Florida Board of Education proposes $70 million for charter school facilities

On the heels of a brief-but-intense discussion of charter school facilities, the state Board of Education is set to take up a draft spending plan that would restore some funding lost this year.

The state board will take up its legislative budget request today as it meets in Gainesville.

The request seeks to boost charter school facilities funding to $70 million — $20 million more than the current state budget, but less than the previous year’s. It also seeks $70 million for building maintenance at district-run schools.

Funding for charter school buildings has stagnated even as the number of schools has grown, which means many of the state’s oldest charters have seen their funding erode. Over the past two years, the state’s Charter School Capital Outlay shrunk from $100 million to $50 million.

State lawmakers will craft their own spending plans, setting their priorities and updating state revenue estimates before the legislative session begins in January. The budget that emerges early next year could look quite different than the one discussed today.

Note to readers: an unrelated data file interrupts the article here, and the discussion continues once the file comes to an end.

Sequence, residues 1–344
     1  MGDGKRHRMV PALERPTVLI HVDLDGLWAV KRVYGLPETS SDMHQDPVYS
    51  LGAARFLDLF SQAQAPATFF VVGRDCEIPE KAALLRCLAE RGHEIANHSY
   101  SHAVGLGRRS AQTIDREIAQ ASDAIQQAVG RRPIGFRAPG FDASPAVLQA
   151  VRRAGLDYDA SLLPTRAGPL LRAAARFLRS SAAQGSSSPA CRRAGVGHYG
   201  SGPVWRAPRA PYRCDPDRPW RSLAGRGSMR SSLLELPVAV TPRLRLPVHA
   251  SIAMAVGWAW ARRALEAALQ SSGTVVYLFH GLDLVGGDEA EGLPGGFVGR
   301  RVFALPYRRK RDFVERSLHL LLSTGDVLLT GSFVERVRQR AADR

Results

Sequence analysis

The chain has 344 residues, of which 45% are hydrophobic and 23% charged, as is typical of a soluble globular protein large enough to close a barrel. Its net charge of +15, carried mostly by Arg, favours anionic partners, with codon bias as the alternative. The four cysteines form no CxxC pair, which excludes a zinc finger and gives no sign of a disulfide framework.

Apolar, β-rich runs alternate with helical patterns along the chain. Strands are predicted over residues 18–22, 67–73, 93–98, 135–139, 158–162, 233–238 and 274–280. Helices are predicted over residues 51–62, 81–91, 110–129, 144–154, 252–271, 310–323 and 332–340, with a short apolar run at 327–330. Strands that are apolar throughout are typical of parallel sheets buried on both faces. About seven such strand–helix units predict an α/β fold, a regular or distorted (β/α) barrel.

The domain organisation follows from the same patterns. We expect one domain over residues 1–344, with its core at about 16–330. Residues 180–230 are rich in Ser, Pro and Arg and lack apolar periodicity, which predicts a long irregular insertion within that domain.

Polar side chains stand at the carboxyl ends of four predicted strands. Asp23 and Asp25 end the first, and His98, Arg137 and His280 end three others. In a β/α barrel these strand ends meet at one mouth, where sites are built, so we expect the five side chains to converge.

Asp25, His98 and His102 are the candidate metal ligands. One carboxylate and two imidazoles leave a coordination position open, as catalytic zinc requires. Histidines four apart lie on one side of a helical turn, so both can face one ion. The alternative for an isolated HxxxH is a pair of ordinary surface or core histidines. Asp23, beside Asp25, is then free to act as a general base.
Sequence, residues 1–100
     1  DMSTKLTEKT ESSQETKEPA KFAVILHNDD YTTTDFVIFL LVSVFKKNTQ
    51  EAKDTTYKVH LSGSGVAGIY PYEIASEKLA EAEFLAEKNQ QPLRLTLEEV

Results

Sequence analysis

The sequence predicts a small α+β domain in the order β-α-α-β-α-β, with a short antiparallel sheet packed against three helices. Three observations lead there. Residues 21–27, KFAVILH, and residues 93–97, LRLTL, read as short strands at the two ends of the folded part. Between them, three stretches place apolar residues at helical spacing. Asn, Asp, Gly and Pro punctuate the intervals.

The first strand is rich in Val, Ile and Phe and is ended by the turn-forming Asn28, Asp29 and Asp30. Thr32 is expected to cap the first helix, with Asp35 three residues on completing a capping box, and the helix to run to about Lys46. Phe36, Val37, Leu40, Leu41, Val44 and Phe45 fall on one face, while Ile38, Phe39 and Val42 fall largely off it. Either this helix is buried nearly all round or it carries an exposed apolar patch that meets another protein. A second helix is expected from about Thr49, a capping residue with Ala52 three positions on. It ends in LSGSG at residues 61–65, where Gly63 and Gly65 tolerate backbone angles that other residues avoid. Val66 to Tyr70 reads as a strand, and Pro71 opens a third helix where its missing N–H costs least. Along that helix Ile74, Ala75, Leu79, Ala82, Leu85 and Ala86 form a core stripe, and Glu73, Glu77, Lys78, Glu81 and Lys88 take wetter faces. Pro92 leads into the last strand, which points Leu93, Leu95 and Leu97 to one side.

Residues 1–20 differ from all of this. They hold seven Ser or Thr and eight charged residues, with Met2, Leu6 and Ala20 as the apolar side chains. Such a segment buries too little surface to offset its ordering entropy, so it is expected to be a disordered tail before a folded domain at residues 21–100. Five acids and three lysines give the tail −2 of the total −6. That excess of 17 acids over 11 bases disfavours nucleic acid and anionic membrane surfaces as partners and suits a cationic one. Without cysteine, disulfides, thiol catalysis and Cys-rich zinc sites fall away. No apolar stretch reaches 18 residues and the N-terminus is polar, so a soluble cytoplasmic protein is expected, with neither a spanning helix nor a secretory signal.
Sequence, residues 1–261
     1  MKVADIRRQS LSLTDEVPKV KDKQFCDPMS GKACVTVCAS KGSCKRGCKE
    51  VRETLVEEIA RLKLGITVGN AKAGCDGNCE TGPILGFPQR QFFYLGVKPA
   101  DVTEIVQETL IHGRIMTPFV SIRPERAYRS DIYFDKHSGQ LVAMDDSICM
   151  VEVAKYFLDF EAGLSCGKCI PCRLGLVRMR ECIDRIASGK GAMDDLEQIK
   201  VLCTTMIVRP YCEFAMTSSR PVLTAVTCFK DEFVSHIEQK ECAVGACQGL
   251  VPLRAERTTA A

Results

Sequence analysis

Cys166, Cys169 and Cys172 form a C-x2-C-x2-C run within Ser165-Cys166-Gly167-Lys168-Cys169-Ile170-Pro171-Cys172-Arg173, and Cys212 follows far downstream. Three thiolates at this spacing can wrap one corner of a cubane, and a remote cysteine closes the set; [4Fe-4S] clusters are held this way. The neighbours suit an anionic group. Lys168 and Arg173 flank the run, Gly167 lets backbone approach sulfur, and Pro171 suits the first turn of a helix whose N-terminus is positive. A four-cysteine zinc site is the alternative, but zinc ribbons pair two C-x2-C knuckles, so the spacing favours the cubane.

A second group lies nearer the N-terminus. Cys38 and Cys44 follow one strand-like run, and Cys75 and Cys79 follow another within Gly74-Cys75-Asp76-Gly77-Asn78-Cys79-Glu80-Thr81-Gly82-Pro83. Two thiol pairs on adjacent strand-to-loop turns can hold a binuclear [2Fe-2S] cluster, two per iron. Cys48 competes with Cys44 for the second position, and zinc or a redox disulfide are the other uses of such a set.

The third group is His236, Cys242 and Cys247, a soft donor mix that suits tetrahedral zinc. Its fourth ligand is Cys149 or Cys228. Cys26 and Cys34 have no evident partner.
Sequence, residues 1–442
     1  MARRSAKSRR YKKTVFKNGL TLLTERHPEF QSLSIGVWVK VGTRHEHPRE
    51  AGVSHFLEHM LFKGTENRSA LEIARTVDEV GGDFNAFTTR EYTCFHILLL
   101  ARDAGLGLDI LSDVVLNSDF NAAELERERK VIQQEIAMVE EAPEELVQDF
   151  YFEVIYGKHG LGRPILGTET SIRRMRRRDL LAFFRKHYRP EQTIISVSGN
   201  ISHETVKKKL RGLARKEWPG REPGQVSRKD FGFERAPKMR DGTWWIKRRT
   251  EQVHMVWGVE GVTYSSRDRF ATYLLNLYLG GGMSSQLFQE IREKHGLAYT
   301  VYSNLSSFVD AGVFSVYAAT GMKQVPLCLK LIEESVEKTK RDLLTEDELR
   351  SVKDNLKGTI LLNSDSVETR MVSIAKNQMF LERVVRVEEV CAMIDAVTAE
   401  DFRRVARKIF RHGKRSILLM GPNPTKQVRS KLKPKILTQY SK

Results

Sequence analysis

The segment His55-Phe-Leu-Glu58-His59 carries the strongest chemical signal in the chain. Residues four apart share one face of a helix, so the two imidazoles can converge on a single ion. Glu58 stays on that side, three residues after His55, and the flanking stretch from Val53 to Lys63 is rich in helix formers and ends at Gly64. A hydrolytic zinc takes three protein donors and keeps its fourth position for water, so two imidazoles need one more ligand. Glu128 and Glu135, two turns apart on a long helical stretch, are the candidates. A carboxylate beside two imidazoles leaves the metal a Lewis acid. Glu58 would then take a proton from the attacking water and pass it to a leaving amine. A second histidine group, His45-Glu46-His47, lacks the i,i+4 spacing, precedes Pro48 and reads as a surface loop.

Still, the request highlights some of the issues lawmakers will face this year, and in the years ahead. Cash available for the Public Education Capital Outlay, which helps pay for building maintenance at state educational institutions, is expected to increase in 2016-17, and then stagnate in the years that follow.

Construction at colleges, universities and rural school districts, coupled with other public school facilities funding it seeks, would exhaust all the available PECO cash in the board’s request. As a result, it proposes dipping into the state’s general fund for charter school facilities.

The uncertainty that comes with relying on money from the state’s general fund has prompted a growing number of charter school advocates to look for a dedicated source of funding. School districts have resisted plans that would require them to give up their own local capital funding, which many say is already stretched thin. Expect this debate to continue.